The Global Chip Payoff

Texas Instruments' high-speed telecommunications chip may look like any other semiconductor. But it's the product of a world's worth of effort. Conceived with engineers from Ericsson Telephone Co. in Sweden, it was designed in Nice with software tools the company developed in Houston. Today, the TCM9055 chip rolls off production lines in Japan and Dallas, gets tested in Taiwan, and is wired into Ericsson line-cards that monitor phone systems in Sweden, the U.S., Mexico, and Australia.

Sound complicated? It is. Rather than build $1 billion factories around the world, most chip companies make most of their devices at home and ship them out by plane. Not Texas Instruments Inc. More than 40% of the employees in its $6.8 billion semiconductor group work outside the U.S. And it has cutting-edge fabrication plants--known as "fabs"--in more countries than anyone.

Some industry leaders question TI's globetrotting ways. With demand for chips soaring, most manufacturers are selling everything they can produce without jumping through hoops overseas. Rather than go offshore, Intel Corp., for one, is expanding fabs in New Mexico, Oregon, and Arizona. "We put our plants where they can be cost-competitive," says Intel Chief Operating Officer Craig R. Barrett.

But industry sentiment is swinging in TI's direction. Countries such as Taiwan and Germany are offering companies big incentives to build locally. A regional base also gives chipmakers a valuable hedge against currency swings. And a local presence can win contracts from customers who are clamoring for a new species of customized chip that requires close collaboration to design.

In short, TI's strategy is paying off. Some 65% of its chip sales take place outside the U.S. In contrast, rivals Intel and Motorola Inc. still sell half their chips in America, and NEC Corp. gets 60% of sales from its home market in Japan (chart, page 47). So, Dallas-based TI is poised to tap market growth wherever it occurs. "No one can beat TI's ability to design and manufacture semiconductors overseas," says G. Dan Hutcheson, president of market researcher VLSI Research Inc. in San Jose, Calif.

As a result, TI is getting ready to grab more than its share of the biggest bonanza in high-tech history. Despite the occasional glitch, the chip market is booming as never before: 1995 will be the third straight year of 30% growth--and possibly higher. And it's a decidedly global phenomenon. Dataquest Inc. expects worldwide chip sales to rocket from $110 billion this year to $273 billion in 2000. Some 61% of that growth will be outside the U.S.

BIG GAINS. Compared with the 1980s, when the U.S. seemed to have a near-monopoly on new, computerized products, a huge number of digital gizmos are being conceived and crafted around the world. Whether they are cell phones from Nokia in Scandinavia or Sony entertainment systems on seat backs in Boeing 777s, TI chips are designed-in from the beginning. "We're intent on using our geographic position as a competitive advantage," declares Thomas J. Engibous, president of TI's $6.8 billion semiconductor group.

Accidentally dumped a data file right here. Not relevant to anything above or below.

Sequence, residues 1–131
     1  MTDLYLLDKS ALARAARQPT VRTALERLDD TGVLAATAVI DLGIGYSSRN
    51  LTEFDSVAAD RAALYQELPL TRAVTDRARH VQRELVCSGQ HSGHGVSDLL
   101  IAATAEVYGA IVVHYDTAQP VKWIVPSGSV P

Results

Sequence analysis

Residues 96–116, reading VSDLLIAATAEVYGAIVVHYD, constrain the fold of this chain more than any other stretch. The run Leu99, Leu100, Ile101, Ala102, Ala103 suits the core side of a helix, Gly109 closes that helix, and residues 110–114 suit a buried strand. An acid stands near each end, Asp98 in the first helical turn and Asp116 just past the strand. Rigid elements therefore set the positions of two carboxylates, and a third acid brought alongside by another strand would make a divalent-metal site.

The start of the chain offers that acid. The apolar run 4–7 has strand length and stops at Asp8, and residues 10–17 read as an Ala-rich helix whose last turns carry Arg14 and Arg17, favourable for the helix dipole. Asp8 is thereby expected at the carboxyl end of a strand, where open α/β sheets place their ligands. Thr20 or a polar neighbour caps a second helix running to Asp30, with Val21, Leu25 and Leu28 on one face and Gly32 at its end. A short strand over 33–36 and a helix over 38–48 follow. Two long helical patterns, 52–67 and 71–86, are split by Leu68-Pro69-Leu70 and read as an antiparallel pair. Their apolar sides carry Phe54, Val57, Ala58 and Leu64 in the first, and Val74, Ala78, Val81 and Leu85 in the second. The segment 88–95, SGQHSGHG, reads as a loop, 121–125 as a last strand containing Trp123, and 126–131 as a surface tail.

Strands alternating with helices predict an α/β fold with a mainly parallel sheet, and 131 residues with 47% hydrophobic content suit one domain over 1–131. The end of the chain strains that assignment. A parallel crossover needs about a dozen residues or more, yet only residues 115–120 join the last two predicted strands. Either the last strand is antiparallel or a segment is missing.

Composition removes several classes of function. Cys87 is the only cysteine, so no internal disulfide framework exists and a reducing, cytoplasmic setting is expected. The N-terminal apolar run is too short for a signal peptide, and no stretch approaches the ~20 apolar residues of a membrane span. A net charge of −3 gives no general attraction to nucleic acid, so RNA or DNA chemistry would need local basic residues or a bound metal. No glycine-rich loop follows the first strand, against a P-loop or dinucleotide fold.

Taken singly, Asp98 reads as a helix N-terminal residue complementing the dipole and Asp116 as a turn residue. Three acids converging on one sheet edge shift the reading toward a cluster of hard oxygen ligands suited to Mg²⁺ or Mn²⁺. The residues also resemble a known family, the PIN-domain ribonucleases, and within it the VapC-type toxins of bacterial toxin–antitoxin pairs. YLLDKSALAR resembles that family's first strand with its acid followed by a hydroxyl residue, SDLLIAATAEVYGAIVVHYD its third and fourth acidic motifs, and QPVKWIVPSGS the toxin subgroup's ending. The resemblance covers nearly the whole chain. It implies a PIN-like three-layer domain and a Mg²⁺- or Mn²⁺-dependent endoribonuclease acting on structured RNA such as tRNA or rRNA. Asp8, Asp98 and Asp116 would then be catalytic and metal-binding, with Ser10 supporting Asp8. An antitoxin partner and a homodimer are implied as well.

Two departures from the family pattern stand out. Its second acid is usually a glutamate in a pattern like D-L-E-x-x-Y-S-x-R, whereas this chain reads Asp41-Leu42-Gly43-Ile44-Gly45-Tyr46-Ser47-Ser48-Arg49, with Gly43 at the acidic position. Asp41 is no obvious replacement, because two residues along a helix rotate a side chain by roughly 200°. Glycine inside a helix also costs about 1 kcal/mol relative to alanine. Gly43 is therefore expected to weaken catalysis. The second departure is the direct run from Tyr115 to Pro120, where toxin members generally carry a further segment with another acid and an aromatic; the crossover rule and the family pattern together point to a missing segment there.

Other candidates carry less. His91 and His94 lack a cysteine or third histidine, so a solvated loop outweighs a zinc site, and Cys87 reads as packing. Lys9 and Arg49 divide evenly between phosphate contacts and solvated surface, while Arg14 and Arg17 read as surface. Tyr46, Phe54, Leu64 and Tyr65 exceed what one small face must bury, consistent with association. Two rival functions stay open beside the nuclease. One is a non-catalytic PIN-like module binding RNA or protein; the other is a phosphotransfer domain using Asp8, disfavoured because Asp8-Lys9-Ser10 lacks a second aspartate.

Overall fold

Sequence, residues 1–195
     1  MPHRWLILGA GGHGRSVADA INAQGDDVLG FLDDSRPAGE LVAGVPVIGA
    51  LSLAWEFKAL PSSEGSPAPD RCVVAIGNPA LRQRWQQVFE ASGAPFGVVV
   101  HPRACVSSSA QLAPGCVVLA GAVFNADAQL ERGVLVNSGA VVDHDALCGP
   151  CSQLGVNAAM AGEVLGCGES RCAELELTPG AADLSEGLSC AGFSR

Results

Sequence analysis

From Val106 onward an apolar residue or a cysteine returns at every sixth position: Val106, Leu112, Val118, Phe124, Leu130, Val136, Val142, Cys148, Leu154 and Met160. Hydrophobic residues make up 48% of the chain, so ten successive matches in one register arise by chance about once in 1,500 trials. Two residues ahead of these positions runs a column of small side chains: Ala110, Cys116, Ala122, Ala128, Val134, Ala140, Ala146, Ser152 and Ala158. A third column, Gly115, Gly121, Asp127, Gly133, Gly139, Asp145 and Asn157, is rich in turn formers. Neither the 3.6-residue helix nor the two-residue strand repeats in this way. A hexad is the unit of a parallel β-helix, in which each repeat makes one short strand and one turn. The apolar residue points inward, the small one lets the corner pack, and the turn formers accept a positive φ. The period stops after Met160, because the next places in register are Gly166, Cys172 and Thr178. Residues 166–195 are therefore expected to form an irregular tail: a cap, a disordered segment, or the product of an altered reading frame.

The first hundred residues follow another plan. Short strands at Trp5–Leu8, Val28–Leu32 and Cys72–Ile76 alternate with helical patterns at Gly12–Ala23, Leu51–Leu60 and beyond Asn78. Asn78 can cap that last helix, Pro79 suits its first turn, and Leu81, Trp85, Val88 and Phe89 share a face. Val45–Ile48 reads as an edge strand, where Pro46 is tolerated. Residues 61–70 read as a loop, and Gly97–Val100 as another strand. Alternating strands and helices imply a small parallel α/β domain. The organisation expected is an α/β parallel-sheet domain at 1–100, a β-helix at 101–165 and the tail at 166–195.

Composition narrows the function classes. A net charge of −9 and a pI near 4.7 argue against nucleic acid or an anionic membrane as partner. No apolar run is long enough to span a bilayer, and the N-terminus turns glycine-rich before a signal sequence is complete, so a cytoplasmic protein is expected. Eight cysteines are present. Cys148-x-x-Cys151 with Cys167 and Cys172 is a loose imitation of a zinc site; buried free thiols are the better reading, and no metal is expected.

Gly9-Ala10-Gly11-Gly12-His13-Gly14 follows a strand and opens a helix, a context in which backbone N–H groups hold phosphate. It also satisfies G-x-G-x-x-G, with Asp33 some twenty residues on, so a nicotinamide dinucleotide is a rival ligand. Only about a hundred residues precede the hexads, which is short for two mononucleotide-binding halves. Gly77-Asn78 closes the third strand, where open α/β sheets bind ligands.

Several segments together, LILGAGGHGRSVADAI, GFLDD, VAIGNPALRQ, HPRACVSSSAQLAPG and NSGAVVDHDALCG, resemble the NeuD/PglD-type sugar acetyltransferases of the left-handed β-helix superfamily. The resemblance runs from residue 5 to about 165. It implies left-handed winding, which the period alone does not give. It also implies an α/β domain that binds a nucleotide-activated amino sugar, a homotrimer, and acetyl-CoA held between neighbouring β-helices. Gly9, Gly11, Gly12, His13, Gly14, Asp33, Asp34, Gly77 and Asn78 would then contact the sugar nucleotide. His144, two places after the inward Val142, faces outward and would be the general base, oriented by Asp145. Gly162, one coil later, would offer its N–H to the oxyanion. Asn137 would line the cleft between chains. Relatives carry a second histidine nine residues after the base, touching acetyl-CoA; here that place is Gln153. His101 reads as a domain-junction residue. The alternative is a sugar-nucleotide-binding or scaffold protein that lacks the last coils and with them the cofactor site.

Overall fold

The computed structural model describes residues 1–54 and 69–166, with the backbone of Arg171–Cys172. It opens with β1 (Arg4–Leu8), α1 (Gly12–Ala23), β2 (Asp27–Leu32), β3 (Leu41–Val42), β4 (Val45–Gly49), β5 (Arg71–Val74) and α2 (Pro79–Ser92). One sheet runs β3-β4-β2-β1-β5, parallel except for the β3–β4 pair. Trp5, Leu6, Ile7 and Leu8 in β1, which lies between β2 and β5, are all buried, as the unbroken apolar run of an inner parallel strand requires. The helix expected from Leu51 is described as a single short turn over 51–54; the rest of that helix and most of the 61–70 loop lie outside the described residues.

In fact, after losing market share every year since it invented the integrated circuit in 1958, TI is the only other chipmaker besides Samsung Electronics Co. to gain global market share in each of the past three years, says Dataquest. And this is no case of profitless prosperity. In the first half of fiscal 1995, ended July 18, TI posted record earnings on record sales--$508 million and $6.1 billion, respectively. Wall Street has driven shares up more than 90%, to around 155, since Jan. 1. Intel and dozens of other chipmakers have also skyrocketed. But TI handily beat the industry average.

While there may be temporary setbacks, TI's long-term bet looks solid. Geographic balance and a huge portfolio of chip products--aimed at everything from computers and telecom to autos and audio gear--protect the company if there's a sudden slowdown in European phone sales or American PCs.

Mastering this complex formula didn't come easily. The low point came in the mid-1980s, when TI was almost forced out of the massive market for dynamic random-access memory (DRAM) chips by Asian rivals armed with low-interest loans. TI's market share sank from 11% to 5% over that decade. Most other U.S. DRAM makers just gave

up. But TI stuck it out by squeezing rivals for billions in royalty payments.

TI's next step seemed, at the time, like a complete break with common sense. In 1987, it began swapping research on next-generation DRAMs with one of its toughest rivals, giant Hitachi Ltd. Critics squawked about TI giving away the store. But the collaboration helped TI keep up with a technological moving target. Over the next five years, similar deals were struck between NEC and AT&T, Intel and Sharp, and the triumvirate of Toshiba, Siemens, and IBM.

Up to this point, TI was playing catch-up with Japan. But within a year, it launched a series of cost-sharing agreements on the production side, bringing its cost of capital well below that of the Japanese. Battered by an unprecedented four-year chip recession, CEO Jerry R. Junkins broke with TI tradition and agreed to split the $1.2 billion cost for a new fab in Avezzano, Italy, with the Italian government. Finding no ill effects, Junkins completed similar deals with Taiwanese PC maker Acer, Japan's Kobe Steel, and a consortium in Singapore that included Canon, Hewlett-Packard, and the Singapore government. Most recently, it's started a joint-production company with Hitachi, called Twinstar Semiconductor Inc., whose first fab, near Dallas, will open next year.